The leverage-profitability puzzle is the tension between the positive leverage-profitability correlation predicted by classical tradeoff theory of capital structure choice and the robust negative correlation observed for industrial companies. In this paper, we attempt to resolve this tension by exploiting quarters in which firms undertake large leverage rebalancings by issuing debt and distributing the proceeds to shareholders. Dynamic tradeoff theory holds that fixed debt-issuance costs cause firms to optimally refrain from this type of rebalancing until the benefit covers the transaction cost. While waiting, positive profitability shocks drive down leverage, which may be the driving force behind the negative unconditional leverage-profitability correlation in the data. When actively rebalancing, however, firms move close to their optimal leverage ratios, which is when the theory implies a positive leverage-profitability correlation.
Our main finding is that the leverage-profitability correlation is significantly negative also in periods when firms undertake large capital structure rebalancings financed by debt issues. This finding, which fails to support dynamic tradeoff theory, is robust to variations in the debt-issue size-threshold used to define the rebalancing event, and to the specific definition of leverage and profitability. Moreover, while the class of dynamic inaction models treats investment financing as exogenous, we show that the conditional leverage-profitability correlation is negative also after controlling for the level of same-period investments. In sum, our evidence rejects the notion that the negative unconditional leverage-profitability correlation empirically overrides a positive correlation in periods with significant rebalancing events.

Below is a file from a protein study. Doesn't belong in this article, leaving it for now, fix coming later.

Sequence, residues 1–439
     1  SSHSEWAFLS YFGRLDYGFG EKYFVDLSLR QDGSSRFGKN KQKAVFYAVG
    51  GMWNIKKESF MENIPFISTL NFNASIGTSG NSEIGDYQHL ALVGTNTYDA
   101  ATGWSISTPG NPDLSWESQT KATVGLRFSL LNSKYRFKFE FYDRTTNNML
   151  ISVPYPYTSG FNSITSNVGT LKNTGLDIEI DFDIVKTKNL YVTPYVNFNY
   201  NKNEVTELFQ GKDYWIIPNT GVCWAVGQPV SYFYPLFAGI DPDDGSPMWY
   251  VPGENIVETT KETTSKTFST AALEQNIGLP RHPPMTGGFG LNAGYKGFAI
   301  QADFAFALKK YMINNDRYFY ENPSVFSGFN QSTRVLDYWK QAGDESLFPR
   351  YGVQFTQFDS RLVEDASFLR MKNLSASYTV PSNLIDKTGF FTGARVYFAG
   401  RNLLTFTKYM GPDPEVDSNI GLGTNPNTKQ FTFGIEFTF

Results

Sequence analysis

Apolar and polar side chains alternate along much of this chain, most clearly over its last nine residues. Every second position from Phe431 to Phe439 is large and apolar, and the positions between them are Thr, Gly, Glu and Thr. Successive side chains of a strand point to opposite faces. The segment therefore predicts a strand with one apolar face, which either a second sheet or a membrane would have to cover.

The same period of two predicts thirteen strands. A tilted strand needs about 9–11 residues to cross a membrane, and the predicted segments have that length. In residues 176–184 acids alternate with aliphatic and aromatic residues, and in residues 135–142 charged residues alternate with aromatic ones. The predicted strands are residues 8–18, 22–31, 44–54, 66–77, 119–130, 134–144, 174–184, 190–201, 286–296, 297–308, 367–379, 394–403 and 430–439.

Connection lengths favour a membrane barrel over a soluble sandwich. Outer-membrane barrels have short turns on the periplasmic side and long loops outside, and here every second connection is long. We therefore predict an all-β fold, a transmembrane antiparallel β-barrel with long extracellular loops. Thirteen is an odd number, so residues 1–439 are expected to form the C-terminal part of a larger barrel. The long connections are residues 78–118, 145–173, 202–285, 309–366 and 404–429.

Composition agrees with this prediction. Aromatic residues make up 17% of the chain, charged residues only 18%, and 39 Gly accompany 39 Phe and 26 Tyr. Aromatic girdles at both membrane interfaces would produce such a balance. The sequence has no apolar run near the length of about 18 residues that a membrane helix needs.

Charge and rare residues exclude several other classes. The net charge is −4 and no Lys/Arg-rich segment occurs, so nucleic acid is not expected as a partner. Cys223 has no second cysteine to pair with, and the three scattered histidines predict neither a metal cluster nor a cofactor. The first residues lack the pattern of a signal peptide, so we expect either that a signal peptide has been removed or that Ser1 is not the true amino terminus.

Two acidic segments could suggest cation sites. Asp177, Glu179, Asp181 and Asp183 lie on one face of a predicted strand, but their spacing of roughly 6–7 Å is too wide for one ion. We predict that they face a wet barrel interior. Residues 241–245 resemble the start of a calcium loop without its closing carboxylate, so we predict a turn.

We also contribute by clarifying Danis, Rettl and Whited (2014) ‘s finding of a positive conditional leverage-profitability correlation, which they suggest is “good news for the class of dynamic trade-off theories in which cash flows are exogenous and leverage adjustments are infrequent”. We show that their positive correlation estimate is caused by their inclusion of internally financed rebalancing events – events financed by cash draw-downs rather than by new debt issues. This inclusion is problematic for their empirical test because events financed by cash draw-downs are neither costly nor do they increase the debt-related corporate tax shield determining the leverage target. With zero financing cost, there is no rebalancing inertia, and hence those events do not inform on the dynamic tradeoff theory being tested (which itself relies on costly adjustment).
Furthermore, we show that cash-financed events are associated with a positive leverage-profitability correlation only when the firm’s pre-event cash-balance exceeds an estimated cash target. Since it is well known that firms tend to disgorge excess cash following high profitability, this further suggests that the positive leverage profitability correlation associated with internally financed rebalancing events has more to do with managing cash balances than leverage targets. Of course, irrespective of the true role of internally-financed rebalancing events, our evidence of a negative conditional correlation across debt-financed rebalancings cannot be reconciled with dynamic trade-off theory of capital structure. Thus, our results effectively resurrect the leverage-profitability puzzle.